"Republicans outnumber Democrats by 7,661 voters in the district, which may explain why Broward -- where Democrats reign -- has shown very little interest. In early voting, which began Oct. 22, only 12 of 13,000 eligible Republicans in Broward showed up." "Interest is light in primary for state House 101".

    Privatization follies

    "State leaders may not renew a contract with the private agency that oversees abused and neglected children in Pinellas County, calling it a system in crisis."

    Caseworker turnover recently exceeded 70 percent and some caseloads surpassed 40 children, according to a draft report by a state review team that examined the Sarasota Family YMCA's operations after two high-profile incidents.

    The Sarasota YMCA, the oldest and largest of 20 private foster agencies in Florida, is now at risk of losing its two state foster care contracts worth $72-million.

    The agency, also known as the Safe Children Coalition, operates in Pinellas, Pasco, De Soto, Manatee and Sarasota counties. It was the subject of recent St. Petersburg Times articles questioning its high funding and poor performance and detailing a questionable land deal in which it turned a $475,000 profit in one day.

    The office of Chief Financial Officer Alex Sink is also investigating the property sale.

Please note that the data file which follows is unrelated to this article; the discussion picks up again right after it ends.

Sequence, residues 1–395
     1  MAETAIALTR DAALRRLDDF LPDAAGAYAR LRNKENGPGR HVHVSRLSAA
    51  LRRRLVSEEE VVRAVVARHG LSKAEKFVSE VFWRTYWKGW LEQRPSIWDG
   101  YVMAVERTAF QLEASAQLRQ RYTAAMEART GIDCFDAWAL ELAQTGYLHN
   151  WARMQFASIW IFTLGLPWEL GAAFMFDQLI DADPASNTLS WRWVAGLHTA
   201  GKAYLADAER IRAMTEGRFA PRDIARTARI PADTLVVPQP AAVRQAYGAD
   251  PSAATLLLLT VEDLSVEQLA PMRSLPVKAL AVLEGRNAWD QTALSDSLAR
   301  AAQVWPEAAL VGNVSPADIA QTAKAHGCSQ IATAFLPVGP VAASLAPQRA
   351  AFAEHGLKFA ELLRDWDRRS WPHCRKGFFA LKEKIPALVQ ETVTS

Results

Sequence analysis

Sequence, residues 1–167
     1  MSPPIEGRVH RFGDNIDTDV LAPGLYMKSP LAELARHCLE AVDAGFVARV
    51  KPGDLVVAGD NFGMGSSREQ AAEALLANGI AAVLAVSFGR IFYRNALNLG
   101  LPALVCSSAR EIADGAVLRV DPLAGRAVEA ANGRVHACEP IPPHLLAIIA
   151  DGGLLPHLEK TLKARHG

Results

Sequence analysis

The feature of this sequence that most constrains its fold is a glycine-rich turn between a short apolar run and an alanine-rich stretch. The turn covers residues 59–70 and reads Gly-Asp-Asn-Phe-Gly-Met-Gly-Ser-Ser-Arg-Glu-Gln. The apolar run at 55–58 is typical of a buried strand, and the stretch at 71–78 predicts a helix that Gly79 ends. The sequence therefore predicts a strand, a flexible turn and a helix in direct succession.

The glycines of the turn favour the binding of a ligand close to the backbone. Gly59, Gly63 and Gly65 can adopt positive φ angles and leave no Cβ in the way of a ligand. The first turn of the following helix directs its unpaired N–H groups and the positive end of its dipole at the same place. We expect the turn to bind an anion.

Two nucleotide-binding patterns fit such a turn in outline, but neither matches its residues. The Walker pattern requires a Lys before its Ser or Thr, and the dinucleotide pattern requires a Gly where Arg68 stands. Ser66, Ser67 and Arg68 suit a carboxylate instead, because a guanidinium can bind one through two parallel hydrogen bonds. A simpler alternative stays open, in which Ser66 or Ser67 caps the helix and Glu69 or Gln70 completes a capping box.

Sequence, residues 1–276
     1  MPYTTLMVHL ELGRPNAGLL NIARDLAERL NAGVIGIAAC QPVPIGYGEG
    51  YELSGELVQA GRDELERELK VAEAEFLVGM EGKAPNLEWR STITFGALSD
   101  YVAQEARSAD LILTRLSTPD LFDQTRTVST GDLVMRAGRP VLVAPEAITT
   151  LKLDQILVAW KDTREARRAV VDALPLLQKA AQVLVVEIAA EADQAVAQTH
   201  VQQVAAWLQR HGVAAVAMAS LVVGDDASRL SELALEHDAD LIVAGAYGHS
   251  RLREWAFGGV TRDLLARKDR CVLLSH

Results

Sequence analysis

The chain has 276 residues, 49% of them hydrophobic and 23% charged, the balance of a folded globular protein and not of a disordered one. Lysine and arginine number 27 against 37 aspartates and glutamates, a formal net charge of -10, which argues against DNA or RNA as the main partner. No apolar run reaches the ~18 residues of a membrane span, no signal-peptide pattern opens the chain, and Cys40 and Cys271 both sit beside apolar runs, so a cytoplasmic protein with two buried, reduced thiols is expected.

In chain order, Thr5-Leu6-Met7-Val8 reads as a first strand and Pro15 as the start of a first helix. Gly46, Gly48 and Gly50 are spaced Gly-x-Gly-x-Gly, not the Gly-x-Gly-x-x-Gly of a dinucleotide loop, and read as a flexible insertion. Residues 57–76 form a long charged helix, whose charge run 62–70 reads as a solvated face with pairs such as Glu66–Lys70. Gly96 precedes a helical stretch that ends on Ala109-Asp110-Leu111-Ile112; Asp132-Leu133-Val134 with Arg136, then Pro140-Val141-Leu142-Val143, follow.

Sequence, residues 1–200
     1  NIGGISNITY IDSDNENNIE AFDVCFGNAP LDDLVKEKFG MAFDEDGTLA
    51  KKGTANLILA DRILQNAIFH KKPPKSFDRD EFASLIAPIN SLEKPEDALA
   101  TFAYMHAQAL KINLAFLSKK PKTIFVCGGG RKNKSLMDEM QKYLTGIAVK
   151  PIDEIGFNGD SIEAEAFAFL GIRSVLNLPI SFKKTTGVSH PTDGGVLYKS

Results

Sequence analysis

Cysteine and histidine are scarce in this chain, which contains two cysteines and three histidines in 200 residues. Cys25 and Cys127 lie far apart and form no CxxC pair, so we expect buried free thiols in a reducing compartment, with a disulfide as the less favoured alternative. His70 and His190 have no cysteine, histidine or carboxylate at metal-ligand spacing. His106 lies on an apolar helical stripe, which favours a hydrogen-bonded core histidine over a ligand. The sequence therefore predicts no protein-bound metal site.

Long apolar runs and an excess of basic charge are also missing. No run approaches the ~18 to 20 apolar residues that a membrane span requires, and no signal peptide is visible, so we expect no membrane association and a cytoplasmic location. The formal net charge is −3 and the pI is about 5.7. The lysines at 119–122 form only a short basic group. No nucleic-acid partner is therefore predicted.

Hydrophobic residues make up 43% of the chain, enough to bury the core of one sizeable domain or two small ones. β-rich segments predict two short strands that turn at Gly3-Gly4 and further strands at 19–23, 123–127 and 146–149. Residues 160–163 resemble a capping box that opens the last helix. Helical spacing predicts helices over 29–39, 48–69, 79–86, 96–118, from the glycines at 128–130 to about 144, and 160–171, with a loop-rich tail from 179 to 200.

"Foster care agency my lose contracts". Wouldn't it make more sense for DCF to hire some folks to do this. Sure, they may actually get pensions and (God forbid) health insurance; then again, they might stick around for a few years (say, . . . until they retire) and actually do their jobs. Can't do that, though, because it would be inconsistent with Saint Jebbie spoke "dreamily of a day when state buildings will lie empty as 'silent monuments to a time when government played a larger role than it deserved or could adequately fill.'"


    "State-run insurer will shed many more property owners than expected".


    "The eight major Republican candidates running for president will participate in the CNN/YouTube-sponsored debate scheduled for the end of November in St. Petersburg, the Republican Party of Florida announced [yesterday]." "8 GOP Candidates To Debate In St. Pete".